ReReading 2.2


Another post about my re-reading Langer, this one not about what I did not remember but about what I misremembered. For a long time I have thought of empathy as beginning in mammals and setting the stage for symbolization. Empathy in this view is broadly conceived as the awareness of another’s interiority and then feeling what the other feels based upon their empathic communication and our own prosocial identification with them. The advent of symbolization transforms this ability, empowering it through imaginative means, but is also based upon it. Unless we are aware of another’s interiority and can identify with it, symbols are merely mental structures without communicative purpose.

I thought I had drawn this from Langer until a few days ago, when I re-read her idea that empathy is emotional contagion among non-human animals and that she terms the human capacity sympathy. Oops. The term emotional contagion is still used today by the more reductionistic among us. Think of trees filled with monkeys when one sees a tiger and calls out and then the whole tribe joins in. I don’t like the term ‘contagion’ because it connotes a diffuse process, happenstance vectors of excitement composing a cloud of social response. I term such calls ‘evocative’, i.e., they evoke rather isomorphically a particular response. Von Frisch’s bee dance is another example. Empathy is evocative and more, as can be seen, say, in dyadic interaction between primate parent and child, between mates, between tribe members of different standing in the social hierarchy. Here contagion is certainly not appropriate.


The interaction is too focused and nuanced according to the mental states and processes of the actors involved. Consider one more counter example to the concept of contagion. Watch dogs at play and you will see them feint, acting one way to elicit one response from the other before changing the action to one more intent and strategic in the effort to gain advantage. Empathy, not contagion.


How did I diverge from Ms. Langer so markedly when so much of my thinking grew from my readings of her work? Well, I figured that out so I hope you are comfortable because this train of thought is a local along old tracks. Back in the day when she published her 3 volumes of Mind: An Essay on Human Feeling, in the late 60s and 1970s, and I was a younger man learning about all of this through linguistics, speech and language pathology, and neuropsychology, we ‘knew’ several things that were true as far as they went but left much to be desired. And some did not go very far at that. We thought that no new neurons formed in the adult brain, that the right hemisphere was mainly silent or that the right brain operated on a holistic, gestalt basis (artistically, so to speak) while the left side operated verbally, logically, and that we only used 10% of our brain capacity. This last is my personal favorite for boneheaded mistakes, obviously wrong even then and still repeated today. Ouch.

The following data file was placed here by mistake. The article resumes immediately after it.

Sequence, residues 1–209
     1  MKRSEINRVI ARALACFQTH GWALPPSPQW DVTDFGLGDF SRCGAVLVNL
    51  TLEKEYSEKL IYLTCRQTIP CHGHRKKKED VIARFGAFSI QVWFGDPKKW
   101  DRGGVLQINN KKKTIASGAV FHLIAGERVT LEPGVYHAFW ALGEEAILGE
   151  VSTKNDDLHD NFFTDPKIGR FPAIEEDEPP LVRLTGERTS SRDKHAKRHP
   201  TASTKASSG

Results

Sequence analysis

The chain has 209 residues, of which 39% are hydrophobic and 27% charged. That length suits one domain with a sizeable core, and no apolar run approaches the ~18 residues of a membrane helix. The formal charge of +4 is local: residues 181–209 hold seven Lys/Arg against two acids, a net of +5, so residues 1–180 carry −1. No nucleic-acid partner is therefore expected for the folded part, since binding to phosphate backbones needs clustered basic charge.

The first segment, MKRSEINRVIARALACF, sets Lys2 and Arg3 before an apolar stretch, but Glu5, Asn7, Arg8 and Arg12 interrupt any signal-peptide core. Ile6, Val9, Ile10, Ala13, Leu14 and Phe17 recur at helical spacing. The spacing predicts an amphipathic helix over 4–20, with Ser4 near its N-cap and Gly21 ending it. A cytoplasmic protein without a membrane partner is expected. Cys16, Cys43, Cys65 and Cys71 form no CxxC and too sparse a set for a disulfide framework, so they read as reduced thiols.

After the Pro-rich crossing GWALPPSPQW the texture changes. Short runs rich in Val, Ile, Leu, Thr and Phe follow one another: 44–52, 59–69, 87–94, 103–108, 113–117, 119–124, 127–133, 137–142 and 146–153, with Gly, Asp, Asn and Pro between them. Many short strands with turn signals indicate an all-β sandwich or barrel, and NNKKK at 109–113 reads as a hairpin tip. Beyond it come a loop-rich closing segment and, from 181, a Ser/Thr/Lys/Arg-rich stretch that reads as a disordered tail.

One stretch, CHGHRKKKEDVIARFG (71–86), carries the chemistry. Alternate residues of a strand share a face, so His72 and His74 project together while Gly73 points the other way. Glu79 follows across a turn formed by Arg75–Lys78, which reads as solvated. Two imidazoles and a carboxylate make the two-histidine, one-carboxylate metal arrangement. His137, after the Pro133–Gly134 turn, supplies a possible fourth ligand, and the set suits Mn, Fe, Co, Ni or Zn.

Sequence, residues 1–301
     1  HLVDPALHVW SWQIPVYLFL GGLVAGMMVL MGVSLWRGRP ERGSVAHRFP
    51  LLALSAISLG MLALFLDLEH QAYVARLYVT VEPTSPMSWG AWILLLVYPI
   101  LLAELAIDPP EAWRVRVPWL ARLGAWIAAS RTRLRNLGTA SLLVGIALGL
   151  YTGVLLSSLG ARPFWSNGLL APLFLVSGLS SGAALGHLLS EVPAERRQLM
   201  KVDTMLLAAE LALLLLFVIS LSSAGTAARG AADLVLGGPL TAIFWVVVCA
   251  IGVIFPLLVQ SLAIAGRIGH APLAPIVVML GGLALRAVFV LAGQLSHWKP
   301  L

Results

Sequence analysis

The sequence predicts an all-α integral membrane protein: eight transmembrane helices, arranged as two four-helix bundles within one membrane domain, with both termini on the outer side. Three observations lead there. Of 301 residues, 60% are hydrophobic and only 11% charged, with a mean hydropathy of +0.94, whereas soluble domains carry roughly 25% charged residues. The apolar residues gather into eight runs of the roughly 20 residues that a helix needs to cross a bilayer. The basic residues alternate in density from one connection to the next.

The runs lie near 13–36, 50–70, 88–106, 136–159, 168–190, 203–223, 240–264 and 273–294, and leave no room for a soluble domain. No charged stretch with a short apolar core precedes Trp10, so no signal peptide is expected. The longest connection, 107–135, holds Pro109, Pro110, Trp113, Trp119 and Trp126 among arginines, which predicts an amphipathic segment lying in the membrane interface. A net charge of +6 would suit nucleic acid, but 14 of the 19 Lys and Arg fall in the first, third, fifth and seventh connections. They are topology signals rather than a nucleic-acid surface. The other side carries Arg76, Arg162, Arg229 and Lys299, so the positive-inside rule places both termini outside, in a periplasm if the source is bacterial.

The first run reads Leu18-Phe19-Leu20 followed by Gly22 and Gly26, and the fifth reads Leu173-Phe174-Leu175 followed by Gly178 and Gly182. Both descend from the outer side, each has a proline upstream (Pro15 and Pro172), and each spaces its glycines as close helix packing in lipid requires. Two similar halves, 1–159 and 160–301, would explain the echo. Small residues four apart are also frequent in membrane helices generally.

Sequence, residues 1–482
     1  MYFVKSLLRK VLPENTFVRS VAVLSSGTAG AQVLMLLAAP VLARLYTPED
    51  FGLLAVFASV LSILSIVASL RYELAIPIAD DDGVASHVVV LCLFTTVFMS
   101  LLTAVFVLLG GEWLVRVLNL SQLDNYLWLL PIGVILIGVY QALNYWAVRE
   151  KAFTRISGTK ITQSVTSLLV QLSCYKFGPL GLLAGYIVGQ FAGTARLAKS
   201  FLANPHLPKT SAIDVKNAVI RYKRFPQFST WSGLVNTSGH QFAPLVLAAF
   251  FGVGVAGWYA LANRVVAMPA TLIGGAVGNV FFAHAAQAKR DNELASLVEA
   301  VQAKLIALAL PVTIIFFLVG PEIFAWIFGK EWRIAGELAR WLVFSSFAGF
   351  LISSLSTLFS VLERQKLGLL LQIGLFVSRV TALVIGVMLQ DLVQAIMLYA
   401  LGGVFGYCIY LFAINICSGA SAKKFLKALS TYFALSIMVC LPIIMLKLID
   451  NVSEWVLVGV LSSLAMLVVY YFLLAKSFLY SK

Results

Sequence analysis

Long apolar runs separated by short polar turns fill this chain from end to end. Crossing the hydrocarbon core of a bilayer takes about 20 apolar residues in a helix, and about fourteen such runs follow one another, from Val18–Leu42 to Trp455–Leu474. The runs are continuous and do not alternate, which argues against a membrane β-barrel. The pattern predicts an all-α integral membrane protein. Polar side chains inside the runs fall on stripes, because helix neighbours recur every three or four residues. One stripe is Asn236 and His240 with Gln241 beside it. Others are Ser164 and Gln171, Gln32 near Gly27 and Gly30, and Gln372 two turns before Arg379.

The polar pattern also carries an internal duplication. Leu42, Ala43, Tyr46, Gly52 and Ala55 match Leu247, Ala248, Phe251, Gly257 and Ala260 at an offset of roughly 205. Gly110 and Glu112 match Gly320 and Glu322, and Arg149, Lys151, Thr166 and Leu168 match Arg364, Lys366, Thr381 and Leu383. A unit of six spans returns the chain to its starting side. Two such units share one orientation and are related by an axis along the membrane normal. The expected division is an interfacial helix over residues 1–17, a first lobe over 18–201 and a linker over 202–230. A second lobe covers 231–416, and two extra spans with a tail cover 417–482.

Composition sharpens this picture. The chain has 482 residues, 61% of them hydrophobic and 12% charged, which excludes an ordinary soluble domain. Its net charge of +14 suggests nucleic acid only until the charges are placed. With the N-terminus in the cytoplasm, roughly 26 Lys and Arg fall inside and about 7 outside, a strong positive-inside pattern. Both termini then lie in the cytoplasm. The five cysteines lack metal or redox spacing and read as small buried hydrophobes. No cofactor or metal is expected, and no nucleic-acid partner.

Well, we learned much in the next 40 years. First we learned that some had right hemisphere learning disabilities due to developmental aberrations or trauma. We learned that damage to the right hemisphere resulted in unilateral neglect, i.e., the intact left hemisphere still monitored the right perceptual field but the left was unknowingly neglected while damage to the left had much less effect because the right hemisphere was monitoring both sides all the time anyway. We learned that the right side specialized in emotional communication. And we learned that a deficit in empathy was an important component in Asperger’s syndrome, psychopathy, and the psychological sequelae of family violence.

Oh my, how to keep this short. People with Asperger’s syndrome are often quite bright in particular ways, especially those involving pattern recognition and memory, but they are mystified by the emotional coin of human interaction. Psychopaths are often keen observers of other’s emotions but do not identify prosocially with the other; rather they use their empathic skill instrumentally to get what they want regardless of cost to the other. Even further, some are twisted enough to enjoy the cost to the other. Simon Baron Cohen’s book, The Science of Evil, provides an excellent statement of this science. Finally, witnessing family violence is a prime factor in the development of child and adolescent psychopathology, including the appearance of sexual aggression. While this often occurs in a context of child neglect and abuse, even the witnessing of marital violence can bruise the child’s developing empathic capability and lead to problems with emotional regulation and healthy relationships.

So as I learned about these phenomena I evidently departed from Langer’s conceptualization without realizing it. No problem as I still recognize in my thinkng her great insights into the human mind as she explored the nature of our aesthetics. And art does involve empathy, big time, through presentational symbols. Just another benefit of re-reading; make it so.


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